Resting Up

I love to sleep. It’s one of my greatest pleasures. In some obscure way, I’m aware that I’m asleep—it makes me happy. I have also spent a lot of time in a hypnogogic state—between sleep and waking. It’s creatively rich, if sometimes emotionally tumultuous.
I’ve been reading REST: Why You Get More Done When You Work Less by Alex Soojung-Kim Pang (Basic Books). It’s a thesis after my own heart, after all, I not only like sleeping, I like just plain lying down and staring into space.
And the book goes into some neurology of rest and creativity. The author notes that most people—from writers to scientists—can only do about three hours of intense creative work a day. The rest is just fiddling around, without much result. This has been my experience, and I’ve built a kind of secret life around it, where I don’t “work” for that many hours a day, but base my focus on producing rather than on time spent. For example, my goal has long been to to publish a book a year—or curate a big project annually—rather than work on it forty hours a week.
Other artists may experience life differently, but I found the book affirming. One take away—while Hitler never napped and actually stopped sleeping towards the time of his defeat (fueled by speedy drugs) Tolkien and Darwin were regularly nappers. And who would you rather be?

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About Miriam Sagan

I'm blogging about poetry, land art, haiku, women artists, road trips, and Baba Yaga at Miriam's Well (https://miriamswell.wordpress.com). The well is ALWAYS looking to publish poetry on our themes, sudden fiction, and guest bloggers and musers.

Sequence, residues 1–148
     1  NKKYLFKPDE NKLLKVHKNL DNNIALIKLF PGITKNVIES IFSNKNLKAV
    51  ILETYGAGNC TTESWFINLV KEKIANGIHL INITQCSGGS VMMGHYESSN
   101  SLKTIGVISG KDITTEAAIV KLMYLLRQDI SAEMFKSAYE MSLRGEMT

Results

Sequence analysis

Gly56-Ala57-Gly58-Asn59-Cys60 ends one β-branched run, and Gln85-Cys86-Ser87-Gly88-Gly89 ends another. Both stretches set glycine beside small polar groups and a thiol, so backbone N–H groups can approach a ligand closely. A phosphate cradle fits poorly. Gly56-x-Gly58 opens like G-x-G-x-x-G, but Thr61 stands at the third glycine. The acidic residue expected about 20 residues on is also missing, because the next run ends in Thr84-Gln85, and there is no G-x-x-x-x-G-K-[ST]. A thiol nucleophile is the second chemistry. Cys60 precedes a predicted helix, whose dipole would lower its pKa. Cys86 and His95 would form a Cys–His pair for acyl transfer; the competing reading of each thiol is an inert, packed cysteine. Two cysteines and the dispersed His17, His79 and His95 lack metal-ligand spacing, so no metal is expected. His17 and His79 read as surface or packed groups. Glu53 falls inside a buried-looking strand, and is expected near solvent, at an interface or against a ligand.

3 thoughts on “Resting Up

  1. I love this! Haven’t felt well lately and am giving my self permission to rest and sleep more, especially now that sleep is clearly a challenge and a precious reward. I think the shift for me is that when younger, I had a long illness and it seemed like I was not able to be ” out there living, ” as if somehow activity equalled life. That message came from a childhood entrapped in a humid Southern environment where polio made socializing dangerous. Getting the vaccine, moving North where it was cool and people moved faster, had a liberating effect. And later I travelled a lot in my mind, but sometimes to the point of exhaustion. Managing this dimension is a lifelong venture. Thank you for the opportunity to reflect on this! And gratitude for the internet where we can travel and learn without exhaustion….unless of course we have trouble disconnecting……

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